Happy New Year
Do you make New Year’s resolutions? The subject came up recently at a family dinner. Some of us said they do and some don’t. I fall into the “don’t” category. That doesn’t’ mean that I’m right and others are wrong. It’s just not my way.
Here are my thoughts.
Everyone knows that many New Years resolutions soon fall by the wayside. However, if one is going to make a resolution, there’s a way to go about it that shifts the odds in favor of success.
Some years ago, my wife told me the New Year’s Day homily at church was about making resolutions, and the difference between true resolve and wishful thinking. Briefly, a serious resolution must be specific and, of course, truly committed to; otherwise, it is only wishful thinking.
As she explained the homily in more detail, I was reminded of Bill Phillips’ formula for resolve and goal setting in his best-selling book, Body for Life. He advised . . .
- Setting a realistic, attainable goal.
- Setting a deadline for reaching that goal.
- Setting weekly short-term goals that incrementally get you to your long-term goal.
My own suggestions are similar to his:
Keep a fitness notebook to provide order and efficiency to your workouts and your life. A simple three-ring binder with some index tabs works fine. Keep it simple, but keep it current.
Title for first section “Goals.” On page one, write out what you want to accomplish, and when you intend to do it. Be serious, but also realistic, by setting an attainable goal for a determined person. Be sure to set an exact date you intend to reach your goal.
The second step is to set short-term goals. Don’t overlook this part. You reach major objectives by incrementally reaching smaller ones. Many people set new short-term goals at the beginning of each week (I will lose 2-pounds by next Sunday, for example). Setting new goals every week is a good way to stay on track. At the end of the
week you can say, “I did it!” and feel a well-deserved sense of accomplishment.
Some people even tape their goals list on a mirror or wall so they see them every day. If it helps, why not do it? Whenever you reach a short-term goal, check it off the list, and write in the actual date you reached it.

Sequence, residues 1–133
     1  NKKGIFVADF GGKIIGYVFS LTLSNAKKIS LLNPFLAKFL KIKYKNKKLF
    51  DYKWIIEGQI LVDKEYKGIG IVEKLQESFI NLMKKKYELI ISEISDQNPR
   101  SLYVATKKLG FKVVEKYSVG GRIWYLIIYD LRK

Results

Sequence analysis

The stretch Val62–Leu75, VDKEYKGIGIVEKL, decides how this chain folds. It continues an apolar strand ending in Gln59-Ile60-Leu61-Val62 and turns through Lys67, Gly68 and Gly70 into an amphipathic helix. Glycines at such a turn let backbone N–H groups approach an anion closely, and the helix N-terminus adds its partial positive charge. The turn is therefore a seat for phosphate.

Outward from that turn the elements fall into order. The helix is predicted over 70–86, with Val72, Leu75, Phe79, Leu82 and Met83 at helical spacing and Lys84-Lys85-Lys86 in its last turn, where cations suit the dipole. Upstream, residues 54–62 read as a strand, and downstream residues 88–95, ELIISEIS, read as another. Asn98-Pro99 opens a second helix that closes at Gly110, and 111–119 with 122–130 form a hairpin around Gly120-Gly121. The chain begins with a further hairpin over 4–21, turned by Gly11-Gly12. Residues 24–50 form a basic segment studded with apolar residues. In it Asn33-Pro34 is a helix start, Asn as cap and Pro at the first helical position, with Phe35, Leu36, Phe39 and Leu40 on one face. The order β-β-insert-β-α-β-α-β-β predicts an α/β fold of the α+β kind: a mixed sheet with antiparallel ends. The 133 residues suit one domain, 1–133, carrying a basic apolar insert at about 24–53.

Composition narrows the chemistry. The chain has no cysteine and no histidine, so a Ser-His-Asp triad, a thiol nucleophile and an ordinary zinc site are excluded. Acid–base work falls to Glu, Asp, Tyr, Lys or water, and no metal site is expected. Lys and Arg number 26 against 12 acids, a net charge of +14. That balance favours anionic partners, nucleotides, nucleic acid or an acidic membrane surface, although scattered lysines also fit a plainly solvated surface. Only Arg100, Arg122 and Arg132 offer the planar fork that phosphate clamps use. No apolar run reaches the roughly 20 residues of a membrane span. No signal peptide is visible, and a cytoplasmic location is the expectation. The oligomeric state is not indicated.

Incrementally, you are closing in on your long-term goal. Once you reach a long-term goal, set a new one. Keep repeating the process. Structured goal setting is the “secret” of many successful people.
Without a plan, what many people call a resolution amounts to nothing more than an unfulfilled dream. A fantasy.
Do you plan on making a resolution about your fitness (or anything else)? Genuinely serious people of any age who are determined can find success. With a realistic goal and resolve, amazing things can happen.
Discover the workout information you’ll need to make a serious fitness resolution right here.
healthy. Stay Fit.
Senior Exercise Central
Photographs: Subscribers have asked when the newsletter photo at the top of the page and my website pictures were taken. Well, I was a mere 70 years old then. I’m 87 now. Though I remain active, I am no longer nearly as strong or muscular as I was 17 years ago. —LF
Are you on Facebook?
Check out the Senior Exercise Central page at . . .
I search the Internet for senior health and fitness items. If you like what you see, please click the Like button. It helps me.
Spread the word. If you like the newsletter, we're making it easy to share it
The Gray Iron Fitness Newsletter is a free publication sent twice monthly to subscribers. The purpose is to provide honest and realistic fitness information for people age 50 and above.
I have never been paid or received compensation of any kind to write a positive review or endorse a product. If I say that I personally use a product or service, it is because I find value in it and have paid for it with my own money.
Like newspapers, magazines, and television, this newsletter and my website contain advertising and marketing links. Naturally, I am compensated for these.
The newsletter and website provide information to help users establish and maintain a fitness lifestyle. But fitness information is not the same as fitness advice, which is the application of exercise and dietary practices to an individual's specific circumstances. Therefore, always consult with your physician for assurance that fitness information, and
your interpretation of it, is appropriate for you.
Your comments and questions are always appreciated. Simply click on the "Reply" bottom.
The Gray Iron Fitness Newsletter